“I like to feature music from people who are performing, so that’s kind of when that started — doing Wilco tunes, Flaming Lips tunes,” he said. “And kind of the same thing for South by Southwest. The choir gets these great gigs now and I don’t write hardly ever, because at all of our shows, the set is sort of dictated by what we’re doing.”
RELATED: Barton Hills Choir takes part in SXSW David Bowie tribute
Sometimes that leads to collaborations with the artists whose music they’re singing. In addition to the 2014 Belle & Sebastian cameo at ACL Fest, Flaming Lips leader Wayne Coyne invited the group to perform with his band at an ACL Live concert a couple of years ago. They’ve also sung at the Erwin Center with Pink Floyd leader Roger Waters.
In 2016, a project involving Grateful Dead songs ended up making the choir semi-world-famous, when covers of “Ripple” and “Touch of Grey” racked up hundreds of thousands of YouTube views. That eventually led to two volumes of CDs featuring Dead songs. “The good thing about the Grateful Dead is they encourage it,” Tabone says, noting that those big YouTube numbers came after the choir’s videos got shared on Dead-related social media pages.
But licensing can be tricky with cover songs, even for an elementary school choir. “People will donate money to the school,” he says, “and then we use harryfox.com, which is a mechanical rights company, to pay for all the licensing fees for the tunes.”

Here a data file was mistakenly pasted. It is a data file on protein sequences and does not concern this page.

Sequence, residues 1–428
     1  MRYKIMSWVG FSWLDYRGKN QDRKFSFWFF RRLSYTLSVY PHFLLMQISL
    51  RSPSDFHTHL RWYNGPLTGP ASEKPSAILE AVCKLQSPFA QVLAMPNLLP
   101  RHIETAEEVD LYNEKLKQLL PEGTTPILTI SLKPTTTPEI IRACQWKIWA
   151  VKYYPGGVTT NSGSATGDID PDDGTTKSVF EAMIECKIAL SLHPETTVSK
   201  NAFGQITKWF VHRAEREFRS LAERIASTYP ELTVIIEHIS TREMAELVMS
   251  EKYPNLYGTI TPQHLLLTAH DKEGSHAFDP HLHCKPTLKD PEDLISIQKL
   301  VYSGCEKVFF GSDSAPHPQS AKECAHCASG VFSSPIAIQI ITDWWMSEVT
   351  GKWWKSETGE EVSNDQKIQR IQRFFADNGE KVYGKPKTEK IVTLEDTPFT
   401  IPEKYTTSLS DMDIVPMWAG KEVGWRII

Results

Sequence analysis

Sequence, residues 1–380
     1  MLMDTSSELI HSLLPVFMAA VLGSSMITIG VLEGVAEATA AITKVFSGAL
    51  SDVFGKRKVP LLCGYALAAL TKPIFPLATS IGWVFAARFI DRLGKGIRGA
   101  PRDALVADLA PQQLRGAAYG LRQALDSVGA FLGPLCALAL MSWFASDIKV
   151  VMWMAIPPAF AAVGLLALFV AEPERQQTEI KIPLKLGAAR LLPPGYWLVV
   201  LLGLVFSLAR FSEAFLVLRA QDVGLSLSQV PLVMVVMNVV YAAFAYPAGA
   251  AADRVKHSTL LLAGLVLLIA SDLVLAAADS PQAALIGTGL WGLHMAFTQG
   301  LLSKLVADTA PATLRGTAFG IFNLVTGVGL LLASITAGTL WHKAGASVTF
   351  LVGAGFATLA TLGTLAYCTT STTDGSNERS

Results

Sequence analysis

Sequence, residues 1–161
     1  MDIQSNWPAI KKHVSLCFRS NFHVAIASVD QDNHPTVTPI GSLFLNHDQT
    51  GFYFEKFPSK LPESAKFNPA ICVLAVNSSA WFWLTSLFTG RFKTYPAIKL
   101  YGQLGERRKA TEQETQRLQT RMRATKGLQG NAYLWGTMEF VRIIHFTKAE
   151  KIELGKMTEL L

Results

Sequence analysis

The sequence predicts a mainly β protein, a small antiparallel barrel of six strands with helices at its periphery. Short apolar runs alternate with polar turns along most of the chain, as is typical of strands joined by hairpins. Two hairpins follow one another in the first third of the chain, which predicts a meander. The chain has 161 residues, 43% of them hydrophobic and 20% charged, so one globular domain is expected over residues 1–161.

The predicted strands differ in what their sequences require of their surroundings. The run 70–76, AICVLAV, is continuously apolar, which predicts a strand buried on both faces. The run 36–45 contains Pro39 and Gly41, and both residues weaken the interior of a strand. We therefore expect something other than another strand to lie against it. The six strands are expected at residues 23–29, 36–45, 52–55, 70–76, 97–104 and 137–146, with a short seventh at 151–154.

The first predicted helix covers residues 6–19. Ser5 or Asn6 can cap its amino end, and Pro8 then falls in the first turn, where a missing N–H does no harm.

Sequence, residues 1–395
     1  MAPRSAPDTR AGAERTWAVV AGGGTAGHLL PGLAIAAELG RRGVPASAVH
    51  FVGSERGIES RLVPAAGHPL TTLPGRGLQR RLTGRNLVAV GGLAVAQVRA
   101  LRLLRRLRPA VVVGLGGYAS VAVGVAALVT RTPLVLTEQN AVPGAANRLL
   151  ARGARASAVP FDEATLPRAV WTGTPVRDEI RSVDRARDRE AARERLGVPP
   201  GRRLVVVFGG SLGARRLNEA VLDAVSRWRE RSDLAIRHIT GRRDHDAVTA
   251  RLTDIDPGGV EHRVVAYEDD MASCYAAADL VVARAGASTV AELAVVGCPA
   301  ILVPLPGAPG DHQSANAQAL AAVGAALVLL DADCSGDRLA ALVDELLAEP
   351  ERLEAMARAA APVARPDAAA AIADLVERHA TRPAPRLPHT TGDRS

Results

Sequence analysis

Here’s another novel thing about the CDs, though: They’re free. Anyone who attends the 3Ten Release show for “Rock the Classics” will receive a disc as part of admission. (The $10 cover helps cover the venue's production costs, a videographer and sound mixer, and the musicians who regularly accompany Tabone and the choir, including drummer Jake Perlman, bassist Jason Brint and guitarist Don Cento.)
It’s worth remembering that the Barton Hills Choir isn’t a traditional for-profit musical ensemble: These are school children who are simply taking part in extracurricular activities. As a result, you won’t find their CDs at Waterloo or other local record stores, or on streaming services such as Spotify. They mail out the CDs upon request, and AISD allows them to take donations of stamps for that purpose. They also give them away at out-of-town appearances, which in the past couple of years have included trips to Wyoming, Brooklyn and Chicago’s Wrigley Field.
At ACL Fest this year, the Barton Hills Choir will appear both weekends on the Austin Kiddie Limits stage: from 12:30 to 1 p.m. on Friday, Oct. 4, and from 11 a.m. to noon on Saturday, Oct. 12. Expect to hear songs by 2019 headliners Guns N’ Roses ("Sweet Child O' Mine"), Tame Impala and the Cure, as well as a couple of past favorites.
Just as the sets change every year at ACL Fest, so do the members of the choir. Tabone gives sixth graders priority for solos at the festival, but not everyone stays in the choir for two years. Sixth grade is typically part of middle school in the Austin district; Barton Hills also has a sixth-grade class, but some students move on to middle school after fifth grade.
“It’s difficult seeing a lot of choir members leave after fifth,” Tabone says. “Having said that, every sixth grade choir I’ve had at BHC has been fantastic, including this year.”
He notes that many of the choir members have been part of his music class since kindergarten. And when they leave, they’ll have more opportunities to participate through avenues such as choir camp, which is open to former as well as current students. And Tabone tries to stay in touch with alumni. He recently assembled a reunion show at ABGB featuring students from the Palm Elementary days who are now in their 20s.
In a few years, Tabone expects to welcome a rather special new recruit to the Barton Hills Choir. He and his wife had their first child three years ago. “She knows all the tunes; she sings all the time,” he says. “I honestly can’t wait. It’s going to be a lot of fun.”